Defensive Weapons Training

firing_range2Personal protections skills, like almost all skills, are perishable. If you don’t keep them sharp, they degrade quickly – “Use ’em or lose ’em” as the saying goes!

Whenever possible, you want to train as realistically as the situations in which you may find yourself.

Let’s look at some of the different defensive tools, and what options we have.

Stun Guns. Very difficult to train with. Who wants to stand in as your “dummy” and get shocked? The nice thing with stun guns is that accuracy is not an issue. They work as long as the probes come in contact with any part of the assailant’s body.

With these, you can do a periodic operating review of how the stun gun works. Where is the safety switch? Where is the trigger? How do you change the batteries? Are the batteries fresh?

Tasers. Easy to train with, but a bit pricey. Taser cartridges will cost you about $25 a piece, and that will give you a single shot. Still, it’s your safety we’re talking about. On at least a quarterly basis, you should test fire your Taser.

You can practice in your backyard, firing at a cushion suspended from a tree limb. The consumer version of the Taser fires 15 feet, so be sure you are within that range before firing. This practice will help you to be able to judge that distance (it would be horrifying to fire the Taser when the assailant was 20 feet away) and practice accuracy.

Pepper Spray/Tear Gas. Training with both of these is identical, and quite easy. We recommend that you set up a stake or use a tree and staple a paper plate at least 5 feet off the ground. Pace off 10 or 15 feet – whatever distance you specific brand of spray indicates it will reach – and test it. Start your aim approximately 6 inches above the plate and proceed in an “S” formation down to the bottom of the paper plate. It should be a 1 or 2 second burst.

Re-do this test until the spray canister is empty. This gives you plenty of practice, and also lets you know how many shots are REALLY in your canister. At $10 or $15 per canister, this is very inexpensive practice.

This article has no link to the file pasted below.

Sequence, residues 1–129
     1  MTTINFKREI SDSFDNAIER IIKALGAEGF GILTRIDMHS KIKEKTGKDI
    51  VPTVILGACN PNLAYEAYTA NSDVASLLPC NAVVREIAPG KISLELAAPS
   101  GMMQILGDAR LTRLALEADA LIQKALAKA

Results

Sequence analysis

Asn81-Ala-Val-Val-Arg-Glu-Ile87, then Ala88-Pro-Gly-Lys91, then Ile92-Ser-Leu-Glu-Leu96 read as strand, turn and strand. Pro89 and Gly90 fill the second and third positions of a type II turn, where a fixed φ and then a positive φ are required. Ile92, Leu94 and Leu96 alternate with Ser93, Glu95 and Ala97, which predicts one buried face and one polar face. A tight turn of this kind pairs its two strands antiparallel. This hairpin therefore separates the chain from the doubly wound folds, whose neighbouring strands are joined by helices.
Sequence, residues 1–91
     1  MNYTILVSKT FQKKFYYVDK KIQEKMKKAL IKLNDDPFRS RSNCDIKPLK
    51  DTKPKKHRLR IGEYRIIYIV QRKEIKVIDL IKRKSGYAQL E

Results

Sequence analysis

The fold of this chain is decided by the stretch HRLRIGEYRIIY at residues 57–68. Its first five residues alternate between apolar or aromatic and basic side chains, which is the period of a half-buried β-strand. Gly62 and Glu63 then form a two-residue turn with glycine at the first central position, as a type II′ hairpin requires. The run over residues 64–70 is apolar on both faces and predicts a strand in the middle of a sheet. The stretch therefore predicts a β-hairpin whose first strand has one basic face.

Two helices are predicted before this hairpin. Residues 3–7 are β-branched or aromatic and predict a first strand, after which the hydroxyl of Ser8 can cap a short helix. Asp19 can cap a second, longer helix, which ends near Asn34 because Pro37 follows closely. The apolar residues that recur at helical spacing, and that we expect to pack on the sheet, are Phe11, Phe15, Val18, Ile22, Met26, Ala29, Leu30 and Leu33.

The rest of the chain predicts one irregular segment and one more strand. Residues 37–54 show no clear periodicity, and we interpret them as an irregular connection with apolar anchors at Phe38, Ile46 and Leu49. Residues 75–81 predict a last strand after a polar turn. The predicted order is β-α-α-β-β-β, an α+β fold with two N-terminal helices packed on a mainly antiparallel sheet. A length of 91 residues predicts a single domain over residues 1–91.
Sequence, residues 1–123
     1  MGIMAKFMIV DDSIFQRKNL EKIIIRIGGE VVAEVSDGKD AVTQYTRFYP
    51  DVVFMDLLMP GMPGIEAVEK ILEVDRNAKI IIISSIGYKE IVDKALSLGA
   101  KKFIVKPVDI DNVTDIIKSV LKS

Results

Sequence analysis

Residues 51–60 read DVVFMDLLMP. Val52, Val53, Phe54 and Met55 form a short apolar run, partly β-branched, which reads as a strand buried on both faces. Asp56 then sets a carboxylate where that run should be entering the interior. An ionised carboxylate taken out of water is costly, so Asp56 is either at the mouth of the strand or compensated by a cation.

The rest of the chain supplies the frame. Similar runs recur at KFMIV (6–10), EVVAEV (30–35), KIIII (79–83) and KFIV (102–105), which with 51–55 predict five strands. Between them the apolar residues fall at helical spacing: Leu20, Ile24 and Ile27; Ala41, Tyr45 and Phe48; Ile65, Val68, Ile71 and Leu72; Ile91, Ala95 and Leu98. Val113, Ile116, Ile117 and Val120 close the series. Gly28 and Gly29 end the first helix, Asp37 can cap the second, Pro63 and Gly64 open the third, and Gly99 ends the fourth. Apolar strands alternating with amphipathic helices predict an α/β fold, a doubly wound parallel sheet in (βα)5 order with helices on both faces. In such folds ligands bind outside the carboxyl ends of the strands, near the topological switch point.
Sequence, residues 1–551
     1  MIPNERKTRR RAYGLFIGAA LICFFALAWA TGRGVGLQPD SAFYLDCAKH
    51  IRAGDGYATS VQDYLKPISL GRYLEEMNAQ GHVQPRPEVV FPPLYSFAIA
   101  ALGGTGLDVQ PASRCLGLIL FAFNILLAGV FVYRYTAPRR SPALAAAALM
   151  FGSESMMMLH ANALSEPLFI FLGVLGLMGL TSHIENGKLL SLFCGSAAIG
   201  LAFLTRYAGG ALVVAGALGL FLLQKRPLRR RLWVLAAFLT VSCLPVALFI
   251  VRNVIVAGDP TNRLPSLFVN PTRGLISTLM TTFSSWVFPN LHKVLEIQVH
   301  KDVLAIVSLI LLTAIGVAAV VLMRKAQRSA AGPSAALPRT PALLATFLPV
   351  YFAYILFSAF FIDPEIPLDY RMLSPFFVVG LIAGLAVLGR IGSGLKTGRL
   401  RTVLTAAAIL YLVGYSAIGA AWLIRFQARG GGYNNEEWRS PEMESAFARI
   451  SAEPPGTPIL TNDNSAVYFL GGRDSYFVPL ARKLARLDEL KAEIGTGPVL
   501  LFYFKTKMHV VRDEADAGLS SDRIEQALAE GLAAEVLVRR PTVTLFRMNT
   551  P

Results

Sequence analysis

The key is to make sure that where ever you set up your training area, you ensure the wind is to your back. You don’t want to inadvertently spray yourself during training! Also, don’t touch your eyes or mouth until you’ve washed your hands with detergent soap.

Firearms. Far and away, the easiest defensive tools to train with because there are facilities specifically designed for their usage – shooting ranges. We recommend that you use an indoor range whenever possible. Since you are most likely to be using a firearm in your home, the sound characteristics of an indoor range much more closely reflect those of your home (when compared to an outdoor range).

Guns ARE loud, and becoming familiar with the report (the bang) of the gun is important when performing under pressure. Indoor ranges are also more flexible, in that the targets can be easily set at different distances – typically from 5 to 20+ yards – with the flip of a switch. And being indoors, you can train year around.

A box of 50 cartridges will cost anywhere between $10 and $40 depending upon the caliber. Range fees will typically cost you around $10 per hour.

Proper initial training and ongoing practice in any endeavor are the keys to success. You personal safety is no exception.


Safety Tip: Regardless of what you’re training with, assume some sort of mishap will occur. For instance, the wind might change directions while you are testing your pepper spray. Be sure you have clear, fresh water close at hand to allow you to immediately wash out your eyes in the event of a problem.

Whenever I go to the shooting range, I ALWAYS have a number of QuikClot sponges to stop blood flow in the event of an accident.

Think through what might go wrong, and plan accordingly.

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